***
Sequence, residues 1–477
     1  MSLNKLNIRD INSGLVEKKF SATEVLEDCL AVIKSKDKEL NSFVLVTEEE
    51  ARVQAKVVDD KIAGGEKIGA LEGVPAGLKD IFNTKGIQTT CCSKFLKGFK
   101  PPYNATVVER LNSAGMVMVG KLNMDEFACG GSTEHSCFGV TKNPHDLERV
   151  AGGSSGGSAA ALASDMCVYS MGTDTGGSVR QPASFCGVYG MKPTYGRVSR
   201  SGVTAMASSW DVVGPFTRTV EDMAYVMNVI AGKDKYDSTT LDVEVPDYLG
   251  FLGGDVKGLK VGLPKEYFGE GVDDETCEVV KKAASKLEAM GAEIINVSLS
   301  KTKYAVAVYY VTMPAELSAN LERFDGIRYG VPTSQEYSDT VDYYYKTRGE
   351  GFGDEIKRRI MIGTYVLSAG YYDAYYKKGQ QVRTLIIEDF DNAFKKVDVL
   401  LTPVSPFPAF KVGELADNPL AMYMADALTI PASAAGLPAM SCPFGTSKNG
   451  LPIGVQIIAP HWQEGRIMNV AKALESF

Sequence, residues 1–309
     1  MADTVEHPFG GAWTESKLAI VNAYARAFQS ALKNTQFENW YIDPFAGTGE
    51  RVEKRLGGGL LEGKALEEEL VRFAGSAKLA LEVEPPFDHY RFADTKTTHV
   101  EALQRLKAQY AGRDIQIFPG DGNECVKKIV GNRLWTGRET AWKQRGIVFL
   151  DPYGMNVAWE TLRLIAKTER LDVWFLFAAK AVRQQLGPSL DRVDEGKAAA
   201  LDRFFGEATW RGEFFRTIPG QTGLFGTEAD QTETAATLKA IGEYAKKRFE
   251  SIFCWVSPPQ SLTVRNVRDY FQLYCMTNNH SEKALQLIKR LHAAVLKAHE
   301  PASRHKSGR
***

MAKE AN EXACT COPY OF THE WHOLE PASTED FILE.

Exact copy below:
Sequence, residues 1–477
     1  MSLNKLNIRD INSGLVEKKF SATEVLEDCL AVIKSKDKEL NSFVLVTEEE
    51  ARVQAKVVDD KIAGGEKIGA LEGVPAGLKD IFNTKGIQTT CCSKFLKGFK
   101  PPYNATVVER LNSAGMVMVG KLNMDEFACG GSTEHSCFGV TKNPHDLERV
   151  AGGSSGGSAA ALASDMCVYS MGTDTGGSVR QPASFCGVYG MKPTYGRVSR
   201  SGVTAMASSW DVVGPFTRTV EDMAYVMNVI AGKDKYDSTT LDVEVPDYLG
   251  FLGGDVKGLK VGLPKEYFGE GVDDETCEVV KKAASKLEAM GAEIINVSLS
   301  KTKYAVAVYY VTMPAELSAN LERFDGIRYG VPTSQEYSDT VDYYYKTRGE
   351  GFGDEIKRRI MIGTYVLSAG YYDAYYKKGQ QVRTLIIEDF DNAFKKVDVL
   401  LTPVSPFPAF KVGELADNPL AMYMADALTI PASAAGLPAM SCPFGTSKNG
   451  LPIGVQIIAP HWQEGRIMNV AKALESF

Sequence, residues 1–309
     1  MADTVEHPFG GAWTESKLAI VNAYARAFQS ALKNTQFENW YIDPFAGTGE
    51  RVEKRLGGGL LEGKALEEEL VRFAGSAKLA LEVEPPFDHY RFADTKTTHV
   101  EALQRLKAQY AGRDIQIFPG DGNECVKKIV GNRLWTGRET AWKQRGIVFL
   151  DPYGMNVAWE TLRLIAKTER LDVWFLFAAK AVRQQLGPSL DRVDEGKAAA
   201  LDRFFGEATW RGEFFRTIPG QTGLFGTEAD QTETAATLKA IGEYAKKRFE
   251  SIFCWVSPPQ SLTVRNVRDY FQLYCMTNNH SEKALQLIKR LHAAVLKAHE
   301  PASRHKSGR